Both teams have had their highs and lows this season. The Longhorns are coming off of a big overtime win against Oklahoma State, 41-34, while the Mountaineers topped Kansas State, 37-10. With Texas’ starting running back Keaontay Ingram out with a high ankle sprain, it could be the perfect game for West Virginia to steal on the road in Austin. A key battle to watch in this one is going to be Texas’ run defense (39th in FBS) against Leddie Brown, who is eighth in the country in rushing and seventh in rushing touchdowns. This is one of those matchups that can lose your attention with a bunch of other games going on, but might well be worth your time in the end.
Hale: Liberty at Virginia Tech
It’s not a surprise that this game features one ranked team. It’s a bit of a shocker that the team in question happens to be Liberty. The Flames are 6-0 with their past four wins coming by a combined 92 points. QB Malik Willis is one of the most dynamic dual threats in the country, counting for nine passing TDs and six more on the ground to go with just one pick. But it’s also worth noting that Liberty’s schedule is far from impressive. Its five FBS opponents this year are a combined 4-26. Virginia Tech represents a genuine challenge. The Hokies have scored 40 points in four of six games this season, and running back Khalil Herbert leads the nation in all-purpose yards. If Liberty can pull the upset, it would be a potentially program-defining win, but the Hokies still have sights set on a big season themselves.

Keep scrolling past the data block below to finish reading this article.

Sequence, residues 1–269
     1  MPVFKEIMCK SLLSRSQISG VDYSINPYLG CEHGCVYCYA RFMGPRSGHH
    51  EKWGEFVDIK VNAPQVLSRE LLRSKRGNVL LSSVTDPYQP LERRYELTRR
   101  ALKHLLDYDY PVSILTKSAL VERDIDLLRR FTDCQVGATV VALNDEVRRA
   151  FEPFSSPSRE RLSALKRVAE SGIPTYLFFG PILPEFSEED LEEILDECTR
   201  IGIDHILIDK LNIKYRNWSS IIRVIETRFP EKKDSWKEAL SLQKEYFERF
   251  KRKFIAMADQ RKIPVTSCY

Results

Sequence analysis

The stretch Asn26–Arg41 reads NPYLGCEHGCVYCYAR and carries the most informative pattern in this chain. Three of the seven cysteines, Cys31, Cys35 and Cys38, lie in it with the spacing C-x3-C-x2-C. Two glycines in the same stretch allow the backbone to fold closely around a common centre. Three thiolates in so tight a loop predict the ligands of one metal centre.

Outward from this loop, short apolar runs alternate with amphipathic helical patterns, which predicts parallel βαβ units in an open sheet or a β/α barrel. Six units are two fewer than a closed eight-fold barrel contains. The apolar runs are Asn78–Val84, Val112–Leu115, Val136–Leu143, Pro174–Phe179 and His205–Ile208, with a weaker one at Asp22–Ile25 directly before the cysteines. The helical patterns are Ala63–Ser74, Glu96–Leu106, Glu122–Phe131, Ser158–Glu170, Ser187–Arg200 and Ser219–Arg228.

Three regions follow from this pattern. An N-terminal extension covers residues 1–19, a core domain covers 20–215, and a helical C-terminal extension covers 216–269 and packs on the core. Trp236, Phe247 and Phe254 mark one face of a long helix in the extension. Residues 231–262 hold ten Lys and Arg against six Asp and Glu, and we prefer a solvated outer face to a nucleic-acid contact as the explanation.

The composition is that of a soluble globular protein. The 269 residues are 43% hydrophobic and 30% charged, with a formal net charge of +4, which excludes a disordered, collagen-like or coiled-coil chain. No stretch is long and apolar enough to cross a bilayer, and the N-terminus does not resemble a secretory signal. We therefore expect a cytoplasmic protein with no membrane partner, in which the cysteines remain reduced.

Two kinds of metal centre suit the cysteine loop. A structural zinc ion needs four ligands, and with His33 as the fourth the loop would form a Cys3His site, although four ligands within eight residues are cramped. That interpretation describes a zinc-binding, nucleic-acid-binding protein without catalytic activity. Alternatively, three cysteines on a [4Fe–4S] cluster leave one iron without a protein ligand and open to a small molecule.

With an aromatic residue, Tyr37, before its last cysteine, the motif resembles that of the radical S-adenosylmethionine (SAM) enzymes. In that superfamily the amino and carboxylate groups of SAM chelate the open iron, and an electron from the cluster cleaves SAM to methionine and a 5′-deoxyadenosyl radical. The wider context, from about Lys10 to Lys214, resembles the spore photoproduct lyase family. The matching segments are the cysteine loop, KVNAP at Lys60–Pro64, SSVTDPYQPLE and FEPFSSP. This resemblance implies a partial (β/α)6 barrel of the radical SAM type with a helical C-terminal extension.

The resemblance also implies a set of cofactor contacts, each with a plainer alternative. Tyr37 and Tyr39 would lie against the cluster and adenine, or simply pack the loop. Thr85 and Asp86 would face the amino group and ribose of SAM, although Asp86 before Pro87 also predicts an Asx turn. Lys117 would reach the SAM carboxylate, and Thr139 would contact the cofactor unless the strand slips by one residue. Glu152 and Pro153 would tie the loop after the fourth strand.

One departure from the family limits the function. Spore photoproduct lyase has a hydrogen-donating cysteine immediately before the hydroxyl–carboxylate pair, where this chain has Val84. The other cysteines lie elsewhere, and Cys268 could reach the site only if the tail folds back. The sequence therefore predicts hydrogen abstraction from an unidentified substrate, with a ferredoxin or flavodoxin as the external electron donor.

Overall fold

Upset of the week
Lyles: Indiana over Michigan
The Hoosiers are ranked higher than the Wolverines, but are three-point dogs at home. After a blowout of Minnesota was followed with a loss to Michigan State, what should we really expect from the Wolverines? The same uncertainty can be said of Indiana, because in all honesty — we’re talking Indiana and football. But this Hoosiers team has been fun, building off a 2019 season that was one of the best in program history. In September, QB Michael Penix Jr. declared that the Hoosiers were going to shock people in 2020, and so far he’s right. I’m banking on his word for Saturday.
Hale: Stanford over Oregon
Consider this the opt-out bowl for 2020. Oregon was hit as hard as anyone with four key players choosing to forego the season, including offensive lineman Penei Sewell. Stanford lost its two best players, too, as Walker Little and Paulson Adebo opted out. So what’s left? Good question. Stanford has its QB set in Davis Mills, who played well when he was healthy last season. Oregon has a bigger question at the most important position on the field, saying the final decision on a starter — Anthony Brown or Tyler Shough — is still up in the air. The Ducks’ D should still be stout, but Stanford was a victim of bad luck and brutal injuries during a down season last year, and we’re thinking the Cardinal has a little bounce-back mojo working for the opener.